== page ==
Breaking Bad 5.9 – “Blood Money”

“Breaking Bad” has always had a way with an opening shot, and the first image of the series’ final eight episodes is no exception, offering a slow, gradual pull-out from a bunch of skate rats to reveal that their choice of locate is the decidedly empty and apparently long-dormant White house. Moments later, when a heavily haired Walter White pulls up, it’s clarified that we’re back in the timeline established in the early moments of the first half of Season Five, when Walt purchased some serious firepower from his now-regular weapons guy (played by Jim Beaver). And, oh, what a dark timeline it must be, based not only on Walt’s haggard look, but on the graffiti he finds when he’s forced to break into his own house. If things are destined to reach a point where the world at large has not only identified him as Heisenberg but, indeed, has had his identify spray-painted across his living room wall…well, let’s just say these are going to be the longest eight episodes viewers have seen in a very long time.

Wandering through the wreckage that once was his house, Walt manages to confirm that, despite all the carnage surrounding him, one of his hiding places has remained secure: underneath the electrical outlet. I couldn’t quite see what he retrieved – was it the vial of ricin? – but I’m sure we’ll find out soon enough…much as we’ll find out exactly what the hell happened to make his poor neighbor Carol react in such a horrified fashion to the mere sight of Walt. Clearly, it’s no fun living next door to Heisenberg.


Post-credits, it’s back into Walt’s bedroom, except we’ve flashed back to where we were when we last left “Breaking Bad.” It’s impossible to get completely inside Hank’s head, but we come pretty damned close with the help of director…Bryan Cranston? True. The man’s come a long way behind the camera, clearly learning as much as possible from the folks who’ve helmed past episodes of the series, because he nails the panic, anxiety, and horror in Hank’s gradual realization of what his brother-in-law has been doing for the past five seasons.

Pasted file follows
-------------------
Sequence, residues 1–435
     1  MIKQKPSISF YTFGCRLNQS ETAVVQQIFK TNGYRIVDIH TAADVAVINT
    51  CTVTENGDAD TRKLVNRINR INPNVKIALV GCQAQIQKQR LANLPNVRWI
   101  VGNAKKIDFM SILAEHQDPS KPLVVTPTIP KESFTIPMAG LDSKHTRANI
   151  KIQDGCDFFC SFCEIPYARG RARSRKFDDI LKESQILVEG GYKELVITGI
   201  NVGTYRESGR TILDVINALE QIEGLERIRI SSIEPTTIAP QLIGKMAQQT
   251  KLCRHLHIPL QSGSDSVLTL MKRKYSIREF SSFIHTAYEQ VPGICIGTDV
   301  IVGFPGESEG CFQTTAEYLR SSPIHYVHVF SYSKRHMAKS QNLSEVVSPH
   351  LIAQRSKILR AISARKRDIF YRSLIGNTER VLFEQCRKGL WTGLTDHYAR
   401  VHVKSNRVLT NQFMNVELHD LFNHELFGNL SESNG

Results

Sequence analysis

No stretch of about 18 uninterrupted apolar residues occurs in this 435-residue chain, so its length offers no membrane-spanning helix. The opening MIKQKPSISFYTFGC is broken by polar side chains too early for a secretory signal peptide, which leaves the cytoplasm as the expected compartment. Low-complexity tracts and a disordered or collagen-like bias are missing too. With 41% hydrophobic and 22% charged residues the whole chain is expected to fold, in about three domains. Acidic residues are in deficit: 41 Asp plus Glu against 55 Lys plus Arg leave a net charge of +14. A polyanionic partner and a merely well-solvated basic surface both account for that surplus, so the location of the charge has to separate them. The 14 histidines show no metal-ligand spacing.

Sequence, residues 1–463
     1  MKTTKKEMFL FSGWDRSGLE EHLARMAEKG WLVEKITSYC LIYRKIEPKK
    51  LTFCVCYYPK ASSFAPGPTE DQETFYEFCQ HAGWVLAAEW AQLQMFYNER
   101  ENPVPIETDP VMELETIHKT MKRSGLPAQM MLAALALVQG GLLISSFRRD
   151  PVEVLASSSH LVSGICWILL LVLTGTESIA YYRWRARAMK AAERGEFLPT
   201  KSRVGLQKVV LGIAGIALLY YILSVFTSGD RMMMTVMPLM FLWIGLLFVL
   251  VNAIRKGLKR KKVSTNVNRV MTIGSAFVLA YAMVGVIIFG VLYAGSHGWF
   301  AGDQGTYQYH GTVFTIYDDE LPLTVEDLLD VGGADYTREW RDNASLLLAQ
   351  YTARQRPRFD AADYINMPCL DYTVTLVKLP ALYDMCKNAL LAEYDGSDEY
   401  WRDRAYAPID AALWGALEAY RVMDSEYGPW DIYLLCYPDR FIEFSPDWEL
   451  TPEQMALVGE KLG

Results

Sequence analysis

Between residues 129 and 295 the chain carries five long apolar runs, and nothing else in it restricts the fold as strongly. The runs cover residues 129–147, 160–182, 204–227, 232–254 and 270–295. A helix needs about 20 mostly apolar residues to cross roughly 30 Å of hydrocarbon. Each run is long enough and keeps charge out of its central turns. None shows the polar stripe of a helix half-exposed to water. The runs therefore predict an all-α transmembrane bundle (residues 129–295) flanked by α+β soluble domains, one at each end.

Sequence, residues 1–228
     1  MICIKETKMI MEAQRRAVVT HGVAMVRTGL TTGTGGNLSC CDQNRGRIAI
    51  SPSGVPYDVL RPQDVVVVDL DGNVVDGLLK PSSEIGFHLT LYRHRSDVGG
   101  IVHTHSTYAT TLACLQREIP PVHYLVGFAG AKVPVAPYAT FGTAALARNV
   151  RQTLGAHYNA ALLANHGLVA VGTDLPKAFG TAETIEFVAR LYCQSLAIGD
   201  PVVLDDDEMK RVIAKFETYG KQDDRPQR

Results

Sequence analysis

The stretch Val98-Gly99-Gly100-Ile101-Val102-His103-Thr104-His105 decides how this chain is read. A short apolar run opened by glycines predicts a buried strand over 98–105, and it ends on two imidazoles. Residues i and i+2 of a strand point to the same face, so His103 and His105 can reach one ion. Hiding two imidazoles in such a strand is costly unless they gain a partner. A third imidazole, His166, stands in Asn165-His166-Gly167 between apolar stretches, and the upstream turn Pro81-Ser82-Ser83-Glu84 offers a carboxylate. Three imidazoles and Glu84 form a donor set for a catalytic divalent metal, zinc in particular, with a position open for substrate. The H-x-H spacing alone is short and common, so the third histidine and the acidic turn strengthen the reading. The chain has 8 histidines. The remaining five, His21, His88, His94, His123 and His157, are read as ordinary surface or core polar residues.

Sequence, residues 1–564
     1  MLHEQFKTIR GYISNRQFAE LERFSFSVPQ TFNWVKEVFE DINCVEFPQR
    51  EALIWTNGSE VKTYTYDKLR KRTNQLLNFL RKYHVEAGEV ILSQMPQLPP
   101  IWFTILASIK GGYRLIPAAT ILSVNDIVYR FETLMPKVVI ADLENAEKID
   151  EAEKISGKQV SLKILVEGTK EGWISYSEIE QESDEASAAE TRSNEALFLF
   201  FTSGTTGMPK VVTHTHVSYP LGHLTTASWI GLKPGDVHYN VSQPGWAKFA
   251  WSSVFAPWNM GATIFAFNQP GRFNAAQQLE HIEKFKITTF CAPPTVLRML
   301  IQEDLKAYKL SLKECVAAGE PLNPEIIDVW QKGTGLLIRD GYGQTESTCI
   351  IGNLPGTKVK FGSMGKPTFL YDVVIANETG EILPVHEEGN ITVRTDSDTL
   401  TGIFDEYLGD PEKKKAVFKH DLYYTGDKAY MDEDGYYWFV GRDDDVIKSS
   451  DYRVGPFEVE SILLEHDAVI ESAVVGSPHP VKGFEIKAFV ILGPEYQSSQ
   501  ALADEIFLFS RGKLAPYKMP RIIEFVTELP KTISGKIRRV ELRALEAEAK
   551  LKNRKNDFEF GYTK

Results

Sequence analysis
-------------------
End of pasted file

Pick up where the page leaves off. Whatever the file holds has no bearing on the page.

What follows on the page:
As Hank and Marie drive away from the White house, Walt, Skyler, Junior, and Holly look like the perfect little family, don’t they? But then, the whole “appearances can be deceiving” has been Walt’s stock and trade since the beginning of his meth-making operation, and one could argue that the same premise applies to Hank as well. He started out as a loudmouth blowhard who seemed more like a former high school quarterback who kept his ego intact when he entered the work force, but we’ve seen several different sides of the guy now, and it’s never been more evident than it is in this episode that he’s a great goddamned detective. It’s hard to say that he’s applying Occam’s razor here, since the idea of Walt being the mastermind behind a major meth operation is the simplest explanation, but it’s a thing of both beauty and sadness to watch him work out everything that Walt’s been responsible for. It’s clear that he still doesn’t fully accept it ‘til the very end of the episode, but when that chilling exchange in the garage takes place…

Oh, but I’m getting ahead of myself.

You can actually hear the sound of Skyler seething when Walt launches into his explanation about what changes can and should be enacted at the car wash. It’s the only thing in their “family business” that she’s had any opportunity to put her stamp on, yet he’s making it clear in his usual way that, once again, he’s better than she is at making decisions. At the same time, though, his suggestion about pursuing a new location clearly catches her fancy, and when Lydia swings by and Skyler realizes that this woman has something to do with Walt’s earlier endeavors, she decides she’s going to shut Lydia down before the bitch fucks up the good thing she’s got going. As for Lydia, the decline in quality is clearly an issue that’s only going to get worse, so let’s not even pretend that this is the last we’ve seen of her.